can even create a six-pack by doing a procedure called etching on their stomachs. It's endless. Why are you interested in men's surgeries if you're asking about Shana?" She looked at me with one raised eyebrow. "I'm just grasping at straws. It's frustrating knowing that she had something to tell me and was killed before she could. I can't help thinking she was reaching out to me for help." I passed one of the bottles back to her. "What about the doctor's name? Does it ring a bell?" "Eugene Reynolds," she said, shaking her head. "No. I've used a half dozen doctors in the LA area. That name isn't familiar." She handed the bottle back. "I have all my work done here in LA. He could be from Orange County or wherever." I put the bottle back in my purse, then took another sip of iced tea. "Do you think these medications are connected to her murder?" Riley asked. "I don't know," I said, "but I wanted to check with you to see if you knew the doctor, or if you could confirm what I was thinking about the pills." "Well, I've used all of them after some of my surgeries," Riley said. I checked my watch. It was close to noon, and God forbid I was late for my scenes. "I won't bother you any more with this, Riley," I said, standing up. "Thanks." "You're not bothering me! It's fun to talk to you about my 'hobby.' Are you sure you have to go?" she asked, also standing. "I mean, I have the afternoon free. . . ." "I have to get back to work, or I'd stay," I said. "But I can come back sometime and we'll catch up." "Please," she said, "do that. And bring Sarah!" I had the feeling she was lonely and wanted some company. I guessed that she didn't have a man in her life at the moment--which wasn't surprising, because men didn't last very long in her life. Maria appeared at that moment, and Riley said, "Maria, will you show Alex out, please?" "Yes, ma'am." "I'll talk to you soon, Alex," Riley said. "Thanks again, Riley." As I followed Maria back into the house, I could see Riley take off her robe and recline on the chaise. She looked perfect.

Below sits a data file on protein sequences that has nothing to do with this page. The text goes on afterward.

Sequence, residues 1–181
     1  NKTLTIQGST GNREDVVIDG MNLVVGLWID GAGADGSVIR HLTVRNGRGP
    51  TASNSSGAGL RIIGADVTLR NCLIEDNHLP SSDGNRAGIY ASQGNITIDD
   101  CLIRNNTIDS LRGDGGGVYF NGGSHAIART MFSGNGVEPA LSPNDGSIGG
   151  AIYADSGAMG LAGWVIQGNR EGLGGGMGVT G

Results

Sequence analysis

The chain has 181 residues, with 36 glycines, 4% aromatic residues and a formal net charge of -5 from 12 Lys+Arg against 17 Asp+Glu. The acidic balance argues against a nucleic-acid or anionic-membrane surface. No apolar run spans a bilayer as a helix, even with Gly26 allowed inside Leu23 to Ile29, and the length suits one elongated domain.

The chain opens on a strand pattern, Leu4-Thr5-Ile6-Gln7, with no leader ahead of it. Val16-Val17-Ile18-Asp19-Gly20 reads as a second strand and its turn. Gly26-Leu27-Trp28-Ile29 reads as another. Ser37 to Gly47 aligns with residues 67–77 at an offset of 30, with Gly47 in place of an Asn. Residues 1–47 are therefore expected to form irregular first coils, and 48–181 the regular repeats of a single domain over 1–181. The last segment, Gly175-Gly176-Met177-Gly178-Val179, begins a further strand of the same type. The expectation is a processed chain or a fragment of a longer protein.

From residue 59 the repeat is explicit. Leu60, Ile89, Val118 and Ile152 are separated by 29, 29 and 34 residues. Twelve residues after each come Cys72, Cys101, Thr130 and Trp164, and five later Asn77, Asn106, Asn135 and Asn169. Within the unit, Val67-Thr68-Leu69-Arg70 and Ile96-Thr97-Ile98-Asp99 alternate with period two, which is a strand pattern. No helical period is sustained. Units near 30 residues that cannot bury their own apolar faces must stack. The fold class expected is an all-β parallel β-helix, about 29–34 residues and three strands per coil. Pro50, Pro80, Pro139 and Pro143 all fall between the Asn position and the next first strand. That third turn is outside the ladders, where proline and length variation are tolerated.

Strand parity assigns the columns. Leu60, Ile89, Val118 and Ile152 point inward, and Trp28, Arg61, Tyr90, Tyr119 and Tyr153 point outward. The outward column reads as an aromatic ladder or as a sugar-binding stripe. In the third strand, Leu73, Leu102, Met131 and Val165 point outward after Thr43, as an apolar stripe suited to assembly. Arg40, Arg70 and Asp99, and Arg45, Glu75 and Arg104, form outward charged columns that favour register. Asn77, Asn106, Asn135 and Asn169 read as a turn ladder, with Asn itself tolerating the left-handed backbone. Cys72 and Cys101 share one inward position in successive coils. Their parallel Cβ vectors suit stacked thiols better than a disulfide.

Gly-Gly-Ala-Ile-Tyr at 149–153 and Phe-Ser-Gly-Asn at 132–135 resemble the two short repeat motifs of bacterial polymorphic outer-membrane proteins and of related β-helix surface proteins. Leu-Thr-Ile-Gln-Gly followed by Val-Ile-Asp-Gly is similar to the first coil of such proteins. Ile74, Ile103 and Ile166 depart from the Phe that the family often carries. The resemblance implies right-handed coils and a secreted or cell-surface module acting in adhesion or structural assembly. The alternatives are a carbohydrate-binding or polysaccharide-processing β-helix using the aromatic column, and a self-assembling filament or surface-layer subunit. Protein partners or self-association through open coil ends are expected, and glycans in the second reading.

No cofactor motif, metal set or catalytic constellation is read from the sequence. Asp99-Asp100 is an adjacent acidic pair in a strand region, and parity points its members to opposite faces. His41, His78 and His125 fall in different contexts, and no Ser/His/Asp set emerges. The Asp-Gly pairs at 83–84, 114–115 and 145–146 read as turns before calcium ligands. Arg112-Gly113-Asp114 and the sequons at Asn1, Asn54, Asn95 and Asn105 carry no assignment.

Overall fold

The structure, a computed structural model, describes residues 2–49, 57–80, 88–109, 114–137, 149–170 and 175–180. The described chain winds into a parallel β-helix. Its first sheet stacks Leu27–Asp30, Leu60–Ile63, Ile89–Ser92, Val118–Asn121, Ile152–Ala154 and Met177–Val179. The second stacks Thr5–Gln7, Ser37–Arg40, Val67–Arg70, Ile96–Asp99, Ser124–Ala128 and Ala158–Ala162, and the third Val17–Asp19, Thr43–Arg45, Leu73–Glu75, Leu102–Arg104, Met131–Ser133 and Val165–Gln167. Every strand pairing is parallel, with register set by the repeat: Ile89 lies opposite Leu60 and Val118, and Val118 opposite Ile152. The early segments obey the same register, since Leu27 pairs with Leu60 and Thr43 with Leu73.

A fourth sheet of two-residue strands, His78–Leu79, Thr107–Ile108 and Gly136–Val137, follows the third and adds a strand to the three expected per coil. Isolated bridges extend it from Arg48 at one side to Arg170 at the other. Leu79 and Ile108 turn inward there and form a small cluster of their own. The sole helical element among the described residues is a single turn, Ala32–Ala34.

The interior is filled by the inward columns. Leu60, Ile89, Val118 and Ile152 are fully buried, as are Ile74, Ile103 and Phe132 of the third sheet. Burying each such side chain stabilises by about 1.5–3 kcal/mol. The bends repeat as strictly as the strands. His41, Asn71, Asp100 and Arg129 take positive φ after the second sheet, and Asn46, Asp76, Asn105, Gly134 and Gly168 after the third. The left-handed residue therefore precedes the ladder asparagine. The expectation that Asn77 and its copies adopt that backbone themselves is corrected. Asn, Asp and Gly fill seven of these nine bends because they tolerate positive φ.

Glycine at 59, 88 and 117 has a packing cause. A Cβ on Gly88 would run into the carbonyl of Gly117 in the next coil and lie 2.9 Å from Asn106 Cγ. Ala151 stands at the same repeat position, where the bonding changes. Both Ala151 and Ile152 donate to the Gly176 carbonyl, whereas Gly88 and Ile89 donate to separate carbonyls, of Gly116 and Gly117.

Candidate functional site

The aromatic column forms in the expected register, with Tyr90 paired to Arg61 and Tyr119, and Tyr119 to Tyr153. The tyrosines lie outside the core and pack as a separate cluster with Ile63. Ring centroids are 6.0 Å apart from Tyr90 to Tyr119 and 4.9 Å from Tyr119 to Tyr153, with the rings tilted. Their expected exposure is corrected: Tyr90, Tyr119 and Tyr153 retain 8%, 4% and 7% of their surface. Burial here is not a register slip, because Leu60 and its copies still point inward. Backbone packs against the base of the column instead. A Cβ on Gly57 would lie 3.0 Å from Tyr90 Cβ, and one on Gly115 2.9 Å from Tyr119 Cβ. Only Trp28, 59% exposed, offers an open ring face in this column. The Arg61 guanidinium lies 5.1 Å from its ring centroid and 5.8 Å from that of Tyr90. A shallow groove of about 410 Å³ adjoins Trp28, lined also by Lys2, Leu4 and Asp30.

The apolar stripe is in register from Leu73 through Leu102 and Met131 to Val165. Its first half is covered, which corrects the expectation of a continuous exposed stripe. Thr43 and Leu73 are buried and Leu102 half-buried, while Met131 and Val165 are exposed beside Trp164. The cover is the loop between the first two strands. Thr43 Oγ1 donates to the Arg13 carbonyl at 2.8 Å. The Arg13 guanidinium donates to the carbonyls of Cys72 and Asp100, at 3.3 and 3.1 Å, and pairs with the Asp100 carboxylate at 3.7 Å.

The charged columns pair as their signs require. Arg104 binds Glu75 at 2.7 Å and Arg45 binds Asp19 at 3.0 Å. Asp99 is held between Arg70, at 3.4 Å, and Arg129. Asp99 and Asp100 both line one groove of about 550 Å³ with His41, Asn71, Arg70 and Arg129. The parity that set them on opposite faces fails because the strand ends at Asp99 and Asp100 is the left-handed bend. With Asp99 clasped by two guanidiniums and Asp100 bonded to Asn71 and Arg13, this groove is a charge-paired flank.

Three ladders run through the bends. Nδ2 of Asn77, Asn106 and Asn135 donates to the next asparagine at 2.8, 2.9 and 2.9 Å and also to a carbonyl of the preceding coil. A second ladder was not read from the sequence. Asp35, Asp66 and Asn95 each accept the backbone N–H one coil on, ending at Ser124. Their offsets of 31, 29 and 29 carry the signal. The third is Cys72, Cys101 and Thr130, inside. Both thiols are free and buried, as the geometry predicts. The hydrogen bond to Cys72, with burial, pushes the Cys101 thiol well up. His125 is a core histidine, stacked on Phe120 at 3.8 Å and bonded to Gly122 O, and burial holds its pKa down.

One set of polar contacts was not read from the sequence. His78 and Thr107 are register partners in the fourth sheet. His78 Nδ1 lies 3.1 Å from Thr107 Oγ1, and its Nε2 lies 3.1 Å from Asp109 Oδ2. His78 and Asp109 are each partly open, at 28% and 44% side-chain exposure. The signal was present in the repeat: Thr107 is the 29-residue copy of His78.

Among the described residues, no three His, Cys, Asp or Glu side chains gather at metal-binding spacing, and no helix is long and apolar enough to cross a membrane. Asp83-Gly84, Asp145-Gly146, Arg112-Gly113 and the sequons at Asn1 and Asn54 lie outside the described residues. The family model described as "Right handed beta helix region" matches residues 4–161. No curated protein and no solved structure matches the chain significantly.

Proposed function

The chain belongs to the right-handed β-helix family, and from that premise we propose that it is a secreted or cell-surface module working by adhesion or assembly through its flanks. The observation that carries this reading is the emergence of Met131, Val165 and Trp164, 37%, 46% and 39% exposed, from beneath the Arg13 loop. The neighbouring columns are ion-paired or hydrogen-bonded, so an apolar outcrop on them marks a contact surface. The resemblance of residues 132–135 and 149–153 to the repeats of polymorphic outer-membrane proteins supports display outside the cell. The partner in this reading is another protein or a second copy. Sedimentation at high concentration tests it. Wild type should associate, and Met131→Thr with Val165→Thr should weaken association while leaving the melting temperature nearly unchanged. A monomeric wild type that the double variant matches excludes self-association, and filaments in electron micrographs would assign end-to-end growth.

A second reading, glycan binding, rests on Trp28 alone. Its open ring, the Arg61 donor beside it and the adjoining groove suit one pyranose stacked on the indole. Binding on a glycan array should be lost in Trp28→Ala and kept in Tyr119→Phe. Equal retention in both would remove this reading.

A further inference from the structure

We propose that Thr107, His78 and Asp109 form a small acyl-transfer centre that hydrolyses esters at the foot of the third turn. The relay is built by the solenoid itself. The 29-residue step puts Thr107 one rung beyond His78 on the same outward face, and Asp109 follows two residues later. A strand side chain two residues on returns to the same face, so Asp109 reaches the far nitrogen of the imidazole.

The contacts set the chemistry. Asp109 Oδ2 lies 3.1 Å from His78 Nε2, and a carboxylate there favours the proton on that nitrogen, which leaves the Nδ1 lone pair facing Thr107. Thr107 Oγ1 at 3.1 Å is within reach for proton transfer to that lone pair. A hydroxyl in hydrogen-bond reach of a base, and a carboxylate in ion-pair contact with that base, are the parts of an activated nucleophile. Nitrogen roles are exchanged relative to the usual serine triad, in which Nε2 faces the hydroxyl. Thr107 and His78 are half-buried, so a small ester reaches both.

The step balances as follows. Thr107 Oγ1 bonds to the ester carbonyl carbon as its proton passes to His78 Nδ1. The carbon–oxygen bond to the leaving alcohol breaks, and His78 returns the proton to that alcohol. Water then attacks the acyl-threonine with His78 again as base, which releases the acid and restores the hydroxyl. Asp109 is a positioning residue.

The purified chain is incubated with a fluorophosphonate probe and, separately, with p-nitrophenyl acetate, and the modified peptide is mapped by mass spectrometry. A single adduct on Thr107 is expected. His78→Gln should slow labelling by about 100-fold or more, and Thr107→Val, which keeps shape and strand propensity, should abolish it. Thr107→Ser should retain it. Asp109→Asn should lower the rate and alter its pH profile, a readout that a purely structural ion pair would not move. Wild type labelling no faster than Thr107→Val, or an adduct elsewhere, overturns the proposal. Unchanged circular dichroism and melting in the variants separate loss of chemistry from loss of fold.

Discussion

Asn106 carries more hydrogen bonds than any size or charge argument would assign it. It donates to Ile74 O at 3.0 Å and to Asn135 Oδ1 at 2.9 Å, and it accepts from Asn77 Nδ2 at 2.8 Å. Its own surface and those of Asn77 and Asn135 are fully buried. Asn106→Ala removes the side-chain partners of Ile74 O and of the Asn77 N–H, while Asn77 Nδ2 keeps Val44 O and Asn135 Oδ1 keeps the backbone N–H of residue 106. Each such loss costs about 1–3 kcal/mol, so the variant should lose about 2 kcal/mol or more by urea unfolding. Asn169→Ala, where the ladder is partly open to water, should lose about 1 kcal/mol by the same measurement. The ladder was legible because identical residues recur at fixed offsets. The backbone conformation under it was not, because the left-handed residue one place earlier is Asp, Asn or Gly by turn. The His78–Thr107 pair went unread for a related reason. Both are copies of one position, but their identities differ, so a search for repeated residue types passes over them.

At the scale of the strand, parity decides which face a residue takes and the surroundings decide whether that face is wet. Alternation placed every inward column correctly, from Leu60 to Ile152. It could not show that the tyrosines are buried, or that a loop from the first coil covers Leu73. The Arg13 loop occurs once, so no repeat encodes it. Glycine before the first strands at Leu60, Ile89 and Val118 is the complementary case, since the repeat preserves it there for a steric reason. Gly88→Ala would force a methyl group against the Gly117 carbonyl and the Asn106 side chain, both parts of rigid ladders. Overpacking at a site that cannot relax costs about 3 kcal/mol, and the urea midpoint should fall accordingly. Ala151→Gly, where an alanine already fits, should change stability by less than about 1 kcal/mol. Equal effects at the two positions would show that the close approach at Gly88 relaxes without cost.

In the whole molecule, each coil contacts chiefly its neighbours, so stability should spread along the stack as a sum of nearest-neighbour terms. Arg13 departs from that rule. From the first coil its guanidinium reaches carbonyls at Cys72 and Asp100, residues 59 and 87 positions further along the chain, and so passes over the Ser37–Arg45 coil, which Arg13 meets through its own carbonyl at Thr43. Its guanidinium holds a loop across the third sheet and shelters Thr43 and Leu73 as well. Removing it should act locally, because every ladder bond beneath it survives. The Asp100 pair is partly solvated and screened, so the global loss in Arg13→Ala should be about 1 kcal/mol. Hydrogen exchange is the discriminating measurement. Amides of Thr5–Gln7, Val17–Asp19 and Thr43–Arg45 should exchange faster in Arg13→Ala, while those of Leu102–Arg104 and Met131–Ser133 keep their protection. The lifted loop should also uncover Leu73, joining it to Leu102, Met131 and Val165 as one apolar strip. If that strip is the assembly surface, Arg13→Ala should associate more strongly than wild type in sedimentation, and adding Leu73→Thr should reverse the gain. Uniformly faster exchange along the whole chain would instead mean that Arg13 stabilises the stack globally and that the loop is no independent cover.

Chapter 15 I jumped in the car and checked my cell. There were two voice mails. "Hey, baby, I got your message. I was in a meeting. Call me back." Jakes had returned my call. The second one was from Herbie. "Alex, get your butt back here! We're moving very fast and could get to you by twelve thirty!" Click. Oh, shit! I looked at the clock. Twelve fifteen. My worst nightmare: keeping everyone on set waiting for me. I threw the cell in my purse and hauled ass down Sunset Boulevard back to Highland, rushing to get to the studio as fast as I could. I pulled into the studio parking lot at exactly twelve thirty. As I ran into my dressing room, someone was knocking on the back door. "Alex! Are you in there? We've been looking for you!" It was Herbie. He didn't sound at all happy. I yelled back. "Yeah, Herb, I'm here. Just having some, umm . . . woman problems." I hated going there, but a girl's got to do what a girl's got to do. I threw on my wardrobe, slapped on some lip gloss, took a deep breath and opened the back door. "Sorry, Herbie. What can I say?" He just looked at me and said, "Go!" So I went. I had managed to get there just in time, thank you very much, and the rest of the taping went along smoothly. Later, back in my dressing room, I returned Jakes's call. "Where you been? I've been waiting to hear from you!" I answered after a sigh, "Busy day. And I have lots to tell you. Why don't you come over for dinner tonight?" I didn't want to fill him in on everything over the phone. "What about Sarah? You think she's ready to--" I stopped him. "She's going to a friend's for dinner. And my mom has plans. I'll see you tonight. Anything special you want?" "Surprise me." "You got it." I changed my clothes and headed out the door. Once in the elevator I had to lean against the back wall. What a day! Manipulating a makeup artist for info, almost getting busted in Barry's room and two seconds from being late for work. That was enough excitement to last me a while.